Grace's Guide is the leading source of historical information on industry and manufacturing in Britain. This web publication contains 133,025 pages of information and 210,222 images on early companies, their products and the people who designed and built them.
Nettlefold and Chamberlain of Heath Street, Birmingham
1851 At the Great Exhibition of 1851 at the Crystal Palace, John Sutton Nettlefold saw a machine for the automated manufacture of wood screws which had been invented by an American . He negotiated to buy the British rights to the patent, giving him the opportunity to dominate the domestic market. His brother-in-law, Joseph Chamberlain (1796-1874), invested £10,000 (and more later) in the business to help with the cost of the patent, the machinery and a factory at Smethwick. However, the 1851 story is discounted in the official GKN history. This says that the US stands at the Great Exhibition did not contain any machinery for making screws, but speculates that Nettlefold may have met Thomas J. Sloane there, or at least someone who knew of him or of his invention. Nettlefold and Chamberlain bought the British rights to Sloane's patent for the manufacture by machinery of woodscrews with gimlet points in 1854.
1854 Chamberlain sent his eldest son Joseph Chamberlain to join the business in Birmingham to look after his investment. A partnership was established Nettlefold and Chamberlain with the two Nettlefolds and the two Chamberlains sharing responsibilities in the business . The younger Joseph Chamberlain took on the accounting, in which area he introduced many innovations, and later the marketing of the products; his cousin Joseph Henry Nettlefold  took care of production. The business expanded overseas, forming agreements with other manufacturers about division of the markets. From about 1869 Chamberlain took more interest in politics.
1866 John Sutton Nettlefold died .
1871 The Castle Iron Works was opened in Hadley, Shropshire, soon manufacturing wire and 400-500 tons of bar iron each week, an early example of Nettlefolds' vertical integration of the business which was to continue for a long time.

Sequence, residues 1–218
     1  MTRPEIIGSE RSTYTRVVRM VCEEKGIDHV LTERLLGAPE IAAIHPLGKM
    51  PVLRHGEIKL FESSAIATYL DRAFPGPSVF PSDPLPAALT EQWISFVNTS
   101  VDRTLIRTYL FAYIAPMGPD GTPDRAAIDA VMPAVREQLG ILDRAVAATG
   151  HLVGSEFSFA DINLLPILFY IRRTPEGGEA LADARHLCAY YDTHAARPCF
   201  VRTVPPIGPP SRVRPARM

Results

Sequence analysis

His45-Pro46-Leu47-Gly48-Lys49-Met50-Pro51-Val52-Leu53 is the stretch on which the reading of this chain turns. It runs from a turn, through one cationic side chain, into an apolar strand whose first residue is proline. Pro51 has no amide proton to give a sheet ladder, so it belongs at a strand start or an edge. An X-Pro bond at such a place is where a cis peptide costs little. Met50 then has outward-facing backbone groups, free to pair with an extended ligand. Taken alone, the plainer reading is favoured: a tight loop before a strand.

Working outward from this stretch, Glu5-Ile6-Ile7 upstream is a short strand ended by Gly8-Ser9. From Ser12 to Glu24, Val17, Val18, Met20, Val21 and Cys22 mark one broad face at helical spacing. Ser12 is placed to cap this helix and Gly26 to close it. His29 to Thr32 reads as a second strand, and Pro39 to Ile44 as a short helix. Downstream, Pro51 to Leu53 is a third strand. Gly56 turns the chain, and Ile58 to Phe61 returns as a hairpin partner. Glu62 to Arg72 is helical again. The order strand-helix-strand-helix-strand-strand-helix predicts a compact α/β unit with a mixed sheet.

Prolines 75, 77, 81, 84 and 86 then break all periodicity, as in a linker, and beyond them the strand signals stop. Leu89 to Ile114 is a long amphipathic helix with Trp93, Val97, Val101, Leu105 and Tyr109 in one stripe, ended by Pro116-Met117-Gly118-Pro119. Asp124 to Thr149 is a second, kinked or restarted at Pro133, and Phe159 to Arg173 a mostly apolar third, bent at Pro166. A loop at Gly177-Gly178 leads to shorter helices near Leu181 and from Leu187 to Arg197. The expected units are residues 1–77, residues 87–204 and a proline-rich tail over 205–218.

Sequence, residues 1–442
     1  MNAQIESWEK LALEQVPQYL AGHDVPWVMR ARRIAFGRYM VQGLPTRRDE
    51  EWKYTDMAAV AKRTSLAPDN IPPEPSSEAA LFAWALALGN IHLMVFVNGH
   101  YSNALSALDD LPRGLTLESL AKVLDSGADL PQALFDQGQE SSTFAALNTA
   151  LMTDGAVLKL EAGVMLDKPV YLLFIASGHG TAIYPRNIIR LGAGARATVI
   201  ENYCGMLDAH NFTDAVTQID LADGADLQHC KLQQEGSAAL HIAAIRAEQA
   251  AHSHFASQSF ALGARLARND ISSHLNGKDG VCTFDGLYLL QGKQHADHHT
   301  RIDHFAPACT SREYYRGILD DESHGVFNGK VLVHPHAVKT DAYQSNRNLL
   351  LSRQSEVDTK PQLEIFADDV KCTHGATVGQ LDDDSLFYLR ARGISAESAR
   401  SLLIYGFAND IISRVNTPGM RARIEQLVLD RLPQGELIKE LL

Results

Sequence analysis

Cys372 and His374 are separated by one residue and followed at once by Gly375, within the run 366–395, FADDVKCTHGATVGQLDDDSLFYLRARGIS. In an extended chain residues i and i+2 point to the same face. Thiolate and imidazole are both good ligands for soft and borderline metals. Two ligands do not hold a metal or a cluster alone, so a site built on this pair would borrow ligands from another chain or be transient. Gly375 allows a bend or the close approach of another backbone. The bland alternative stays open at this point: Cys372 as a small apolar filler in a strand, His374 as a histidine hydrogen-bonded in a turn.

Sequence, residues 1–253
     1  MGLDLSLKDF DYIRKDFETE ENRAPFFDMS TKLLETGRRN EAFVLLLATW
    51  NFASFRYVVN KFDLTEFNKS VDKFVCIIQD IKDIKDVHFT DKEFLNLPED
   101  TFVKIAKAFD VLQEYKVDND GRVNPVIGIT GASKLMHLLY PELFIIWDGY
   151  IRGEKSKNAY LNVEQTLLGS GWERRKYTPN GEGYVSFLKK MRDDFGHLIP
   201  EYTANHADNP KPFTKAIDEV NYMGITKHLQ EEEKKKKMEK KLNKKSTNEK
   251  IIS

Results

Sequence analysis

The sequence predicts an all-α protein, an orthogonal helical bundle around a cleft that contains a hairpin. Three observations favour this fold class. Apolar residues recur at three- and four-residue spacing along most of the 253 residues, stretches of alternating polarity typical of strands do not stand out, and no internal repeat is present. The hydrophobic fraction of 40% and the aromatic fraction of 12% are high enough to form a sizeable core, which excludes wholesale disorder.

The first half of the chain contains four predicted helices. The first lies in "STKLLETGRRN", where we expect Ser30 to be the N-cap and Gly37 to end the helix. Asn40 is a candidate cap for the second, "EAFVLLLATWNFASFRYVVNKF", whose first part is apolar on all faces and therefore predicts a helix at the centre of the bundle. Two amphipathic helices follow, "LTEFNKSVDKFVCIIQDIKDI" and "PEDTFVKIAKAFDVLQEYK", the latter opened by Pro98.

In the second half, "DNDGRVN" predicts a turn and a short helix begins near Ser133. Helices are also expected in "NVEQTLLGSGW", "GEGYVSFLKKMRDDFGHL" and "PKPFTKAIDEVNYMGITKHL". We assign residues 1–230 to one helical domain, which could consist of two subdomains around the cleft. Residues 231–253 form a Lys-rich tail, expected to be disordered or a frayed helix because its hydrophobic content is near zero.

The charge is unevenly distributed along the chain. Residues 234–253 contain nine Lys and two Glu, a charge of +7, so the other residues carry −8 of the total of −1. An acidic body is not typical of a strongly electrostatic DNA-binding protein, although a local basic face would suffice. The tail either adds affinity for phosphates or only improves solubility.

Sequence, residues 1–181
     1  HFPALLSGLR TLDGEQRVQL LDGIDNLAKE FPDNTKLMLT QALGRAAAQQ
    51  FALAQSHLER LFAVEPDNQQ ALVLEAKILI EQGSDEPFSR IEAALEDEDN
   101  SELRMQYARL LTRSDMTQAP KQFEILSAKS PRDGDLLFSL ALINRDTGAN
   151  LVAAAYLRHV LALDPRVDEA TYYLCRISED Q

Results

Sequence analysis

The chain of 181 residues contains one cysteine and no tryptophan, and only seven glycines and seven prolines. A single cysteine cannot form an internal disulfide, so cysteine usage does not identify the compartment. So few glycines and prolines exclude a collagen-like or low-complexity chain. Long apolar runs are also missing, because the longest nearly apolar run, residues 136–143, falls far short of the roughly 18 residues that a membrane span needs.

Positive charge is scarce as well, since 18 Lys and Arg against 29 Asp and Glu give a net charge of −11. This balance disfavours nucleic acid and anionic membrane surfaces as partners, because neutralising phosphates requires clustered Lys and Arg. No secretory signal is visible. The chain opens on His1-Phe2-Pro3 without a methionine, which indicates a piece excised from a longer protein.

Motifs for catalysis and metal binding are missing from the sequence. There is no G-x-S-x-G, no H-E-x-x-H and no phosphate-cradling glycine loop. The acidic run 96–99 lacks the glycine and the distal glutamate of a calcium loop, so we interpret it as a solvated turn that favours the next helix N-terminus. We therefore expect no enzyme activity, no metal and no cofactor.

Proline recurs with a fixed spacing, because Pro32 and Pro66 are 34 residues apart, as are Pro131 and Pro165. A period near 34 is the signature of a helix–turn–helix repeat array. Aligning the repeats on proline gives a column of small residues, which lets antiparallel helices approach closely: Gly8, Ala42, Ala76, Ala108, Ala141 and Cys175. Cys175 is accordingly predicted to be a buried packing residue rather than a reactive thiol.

1873 Joseph Chamberlain became Mayor of Birmingham
1874 In June, Joseph Chamberlain left the business to concentrate on politics.
1874 After the Chamberlains left the firm, the partnership Nettlefold and Chamberlain was dissolved and the business continued as a limited company.
1876 Machine for producing screws. The works had 2,000 machines producing half a million screws per week. (Exhibit at Birmingham Thinktank museum).
1876 Description of a visit to their works in 'The Engineer'. 12,000 machines packed under one roof. Some of the machines are for making the screw blanks from cold wire headed by a punch. The next operation is the turning down of the head; then the nicking of the head by a circular saw. The screwing was next done, and the screws were pointed on the new plan of the self-entering point. The machines are all devised by Mr. Nettlefold, are covered by his patent, and are made and repaired upon the premises. The wire mill, the bolt and nut mill, and the nail mill were then gone through. 
1878 Edward died leaving effective control of Birmingham manufacturing and engineering to Joseph, and his younger brother Frederick Nettlefold in London.
1880 Nettlefolds was launched as a limited company. The Nettlefold brothers went on to reinforce their dominant position in the British wood-screw market through many mergers and acquisitions, eventually becoming part of Guest, Keen and Nettlefolds.
1881 Joseph Henry Nettlefold died. Frederick Nettlefold remained as chairman.
1893 Frederick Nettlefold retired from the chairmanship of the company .
1905 The partnership between F. Nettlefold, A. Steer and O. Nettlefold "under the style of Nettlefold and Sons, High Holborn, W.C.", was dissolved . This presumably means that the shop in London was kept out of the Limited company when it was formed.